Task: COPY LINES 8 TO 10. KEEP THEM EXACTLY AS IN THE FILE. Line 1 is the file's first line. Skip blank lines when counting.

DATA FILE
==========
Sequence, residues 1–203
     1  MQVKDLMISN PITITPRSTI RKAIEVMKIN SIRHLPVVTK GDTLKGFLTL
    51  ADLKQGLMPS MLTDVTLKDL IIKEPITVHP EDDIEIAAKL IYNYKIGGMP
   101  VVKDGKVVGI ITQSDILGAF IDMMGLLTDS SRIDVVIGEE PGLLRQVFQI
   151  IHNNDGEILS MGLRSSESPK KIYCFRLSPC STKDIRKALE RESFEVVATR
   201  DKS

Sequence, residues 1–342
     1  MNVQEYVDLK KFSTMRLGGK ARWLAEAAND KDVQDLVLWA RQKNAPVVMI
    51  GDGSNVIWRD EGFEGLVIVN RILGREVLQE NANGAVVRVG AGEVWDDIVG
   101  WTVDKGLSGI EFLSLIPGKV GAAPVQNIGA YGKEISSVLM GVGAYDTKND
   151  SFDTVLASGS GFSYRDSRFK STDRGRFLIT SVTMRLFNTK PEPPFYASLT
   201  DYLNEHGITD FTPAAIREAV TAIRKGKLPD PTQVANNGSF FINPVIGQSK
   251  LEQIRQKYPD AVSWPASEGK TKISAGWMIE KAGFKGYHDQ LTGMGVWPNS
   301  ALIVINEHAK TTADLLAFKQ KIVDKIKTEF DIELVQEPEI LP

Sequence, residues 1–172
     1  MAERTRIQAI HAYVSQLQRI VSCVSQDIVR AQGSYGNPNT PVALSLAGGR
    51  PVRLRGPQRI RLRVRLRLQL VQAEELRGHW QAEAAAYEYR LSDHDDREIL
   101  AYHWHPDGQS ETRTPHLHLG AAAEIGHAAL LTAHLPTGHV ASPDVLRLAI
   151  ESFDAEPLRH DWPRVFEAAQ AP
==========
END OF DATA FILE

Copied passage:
     1  MNVQEYVDLK KFSTMRLGGK ARWLAEAAND KDVQDLVLWA RQKNAPVVMI
    51  GDGSNVIWRD EGFEGLVIVN RILGREVLQE NANGAVVRVG AGEVWDDIVG
   101  WTVDKGLSGI EFLSLIPGKV GAAPVQNIGA YGKEISSVLM GVGAYDTKND